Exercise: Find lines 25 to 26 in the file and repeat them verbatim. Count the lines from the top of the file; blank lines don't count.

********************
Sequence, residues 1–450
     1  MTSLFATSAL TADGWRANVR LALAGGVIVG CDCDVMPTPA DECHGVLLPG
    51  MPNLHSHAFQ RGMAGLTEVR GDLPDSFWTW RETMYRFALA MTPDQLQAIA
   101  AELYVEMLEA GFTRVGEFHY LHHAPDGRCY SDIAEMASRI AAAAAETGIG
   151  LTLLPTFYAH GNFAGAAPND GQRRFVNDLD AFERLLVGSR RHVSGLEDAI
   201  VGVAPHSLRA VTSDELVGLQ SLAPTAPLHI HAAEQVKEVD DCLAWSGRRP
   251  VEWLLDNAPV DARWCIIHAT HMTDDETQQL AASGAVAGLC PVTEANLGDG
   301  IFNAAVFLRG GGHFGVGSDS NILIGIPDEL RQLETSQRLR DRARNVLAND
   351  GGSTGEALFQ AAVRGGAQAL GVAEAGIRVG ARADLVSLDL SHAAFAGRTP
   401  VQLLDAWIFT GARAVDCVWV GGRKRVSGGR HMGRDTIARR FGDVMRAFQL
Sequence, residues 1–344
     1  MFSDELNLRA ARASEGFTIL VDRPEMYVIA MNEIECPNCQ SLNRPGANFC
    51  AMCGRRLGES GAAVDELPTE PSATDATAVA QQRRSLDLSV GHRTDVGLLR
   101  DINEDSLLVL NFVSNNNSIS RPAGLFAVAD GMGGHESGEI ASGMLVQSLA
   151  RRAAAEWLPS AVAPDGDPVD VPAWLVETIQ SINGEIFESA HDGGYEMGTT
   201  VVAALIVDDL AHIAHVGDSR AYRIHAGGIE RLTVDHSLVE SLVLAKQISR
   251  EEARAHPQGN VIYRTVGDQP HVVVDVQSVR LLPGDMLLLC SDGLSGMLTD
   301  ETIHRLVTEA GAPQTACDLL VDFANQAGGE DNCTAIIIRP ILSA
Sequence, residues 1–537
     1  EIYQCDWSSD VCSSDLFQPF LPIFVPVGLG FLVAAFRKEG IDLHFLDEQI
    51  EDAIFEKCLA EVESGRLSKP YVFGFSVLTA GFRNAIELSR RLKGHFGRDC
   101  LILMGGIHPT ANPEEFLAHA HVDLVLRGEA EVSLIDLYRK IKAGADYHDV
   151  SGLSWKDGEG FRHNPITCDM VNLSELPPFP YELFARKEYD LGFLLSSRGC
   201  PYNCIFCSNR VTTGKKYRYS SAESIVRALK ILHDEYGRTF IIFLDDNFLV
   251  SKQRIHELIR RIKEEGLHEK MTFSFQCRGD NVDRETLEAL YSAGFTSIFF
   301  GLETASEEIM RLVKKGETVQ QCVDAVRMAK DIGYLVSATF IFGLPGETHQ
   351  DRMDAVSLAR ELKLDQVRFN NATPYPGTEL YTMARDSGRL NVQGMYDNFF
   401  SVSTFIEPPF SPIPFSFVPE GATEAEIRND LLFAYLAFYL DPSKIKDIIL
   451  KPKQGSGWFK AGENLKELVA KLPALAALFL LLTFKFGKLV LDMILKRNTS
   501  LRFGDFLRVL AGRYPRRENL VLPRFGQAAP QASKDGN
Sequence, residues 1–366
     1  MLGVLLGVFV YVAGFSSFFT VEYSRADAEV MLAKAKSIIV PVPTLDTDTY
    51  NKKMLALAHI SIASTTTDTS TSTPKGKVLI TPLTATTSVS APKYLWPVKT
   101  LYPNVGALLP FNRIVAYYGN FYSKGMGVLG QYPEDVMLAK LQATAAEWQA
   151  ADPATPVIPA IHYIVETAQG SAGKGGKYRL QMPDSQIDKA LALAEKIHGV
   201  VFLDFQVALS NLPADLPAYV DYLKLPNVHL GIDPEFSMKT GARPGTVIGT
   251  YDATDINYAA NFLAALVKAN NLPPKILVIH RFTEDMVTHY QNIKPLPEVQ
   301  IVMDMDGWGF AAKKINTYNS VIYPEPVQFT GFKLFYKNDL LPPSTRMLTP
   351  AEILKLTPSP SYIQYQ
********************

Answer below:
   251  SKQRIHELIR RIKEEGLHEK MTFSFQCRGD NVDRETLEAL YSAGFTSIFF
   301  GLETASEEIM RLVKKGETVQ QCVDAVRMAK DIGYLVSATF IFGLPGETHQ